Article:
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TCEQ unveils new mobile technology to help with air monitoring during emergencies

We got a firsthand look at some of the technology and how it will work.

BEAUMONT, Texas — Nearly a year after the TPC plant explosion, the state has unveiled new mobile technology to help monitor the air in real time during emergencies.

At Hartmann Park in Houston, the Texas Commission on Environmental Quality unveiled its new equipment. We got a firsthand look at some of the technology and how it will work.

The most interesting assets in TCEQ's tool box is the new smart van. It can drive around, and capture air samples. The state also has new technology to use in the air, new smart van drones and upgrades to its handheld monitors.

All of these are major players when it comes to hurricanes, fires, and other disasters such as the TPC plant explosion.

"The technology you see here is tried and true. It's really good technology," said Toby Baker, TCEQ executive director.

Let's start with the smart van. It pulls in air like a vacuum to analyze the results in real time. It was first used during Hurricane Laura.

"Facilities down there shut down as the storm came in, so we were able to deploy the van,” Baker said. “So, while those startups were happening, we were able to drive the fence line of those facilities."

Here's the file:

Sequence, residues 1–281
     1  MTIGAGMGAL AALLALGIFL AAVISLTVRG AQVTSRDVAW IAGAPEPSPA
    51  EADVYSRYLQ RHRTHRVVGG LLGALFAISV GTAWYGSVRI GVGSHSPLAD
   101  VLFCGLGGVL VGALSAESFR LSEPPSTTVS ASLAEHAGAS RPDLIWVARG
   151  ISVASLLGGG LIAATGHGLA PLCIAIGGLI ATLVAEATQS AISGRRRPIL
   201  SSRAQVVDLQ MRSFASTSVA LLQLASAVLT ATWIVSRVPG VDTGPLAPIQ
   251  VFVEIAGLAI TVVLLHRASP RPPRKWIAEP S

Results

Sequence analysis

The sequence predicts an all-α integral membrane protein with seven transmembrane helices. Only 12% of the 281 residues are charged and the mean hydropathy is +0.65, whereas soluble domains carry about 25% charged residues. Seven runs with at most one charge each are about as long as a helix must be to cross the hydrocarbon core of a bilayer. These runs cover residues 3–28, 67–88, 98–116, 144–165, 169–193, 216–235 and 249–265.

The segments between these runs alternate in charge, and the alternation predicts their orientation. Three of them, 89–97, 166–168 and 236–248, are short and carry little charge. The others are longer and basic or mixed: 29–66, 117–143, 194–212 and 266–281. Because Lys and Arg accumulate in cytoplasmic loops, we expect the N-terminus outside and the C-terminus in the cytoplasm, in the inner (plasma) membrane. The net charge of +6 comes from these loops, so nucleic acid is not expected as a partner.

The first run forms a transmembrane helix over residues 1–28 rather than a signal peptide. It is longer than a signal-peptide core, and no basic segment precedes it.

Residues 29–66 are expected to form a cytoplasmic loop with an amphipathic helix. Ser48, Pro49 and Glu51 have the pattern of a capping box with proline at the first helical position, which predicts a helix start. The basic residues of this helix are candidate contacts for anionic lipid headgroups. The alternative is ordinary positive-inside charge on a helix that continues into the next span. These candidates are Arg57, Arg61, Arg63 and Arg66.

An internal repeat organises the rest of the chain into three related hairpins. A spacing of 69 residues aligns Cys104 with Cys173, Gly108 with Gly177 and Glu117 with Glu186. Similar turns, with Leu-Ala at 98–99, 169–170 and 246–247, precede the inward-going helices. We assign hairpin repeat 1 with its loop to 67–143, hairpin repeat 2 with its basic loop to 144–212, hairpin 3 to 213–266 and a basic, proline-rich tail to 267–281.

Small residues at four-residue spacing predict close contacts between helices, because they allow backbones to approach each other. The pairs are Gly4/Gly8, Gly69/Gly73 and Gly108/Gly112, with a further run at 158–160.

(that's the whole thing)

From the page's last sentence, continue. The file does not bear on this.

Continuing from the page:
The interesting part is that data from the smart van is then uploaded to an app.

Investigators can put that on social media immediately, so people can follow the van and see what it is detecting. This would have been a huge benefit to have during the TPC plant explosion.

"We could immediately get the van there and start monitoring, and we would know exactly what was in the air and whether there was anything coming off that we should be concerned about," Baker said.

As for the drones, TCEQ purchased four of them in February. Although, they haven't had a chance to use them yet.

"We can fly over a target and get a situation awareness on it instead of putting an investigator on the ground and being in harm’s way," said Emergency Management Coordinator Anthony Buck.

The upgraded handheld monitors can help detect benzene. This is crucial for monitoring places such as the port in Beaumont and the ship canal in Port Arthur.

"That's going to help us with our baseline data that we are monitoring all the time," Baker said.

So, what's next? Baker said they are focusing on man-power as TCEQ is working to hire and train more investigators.

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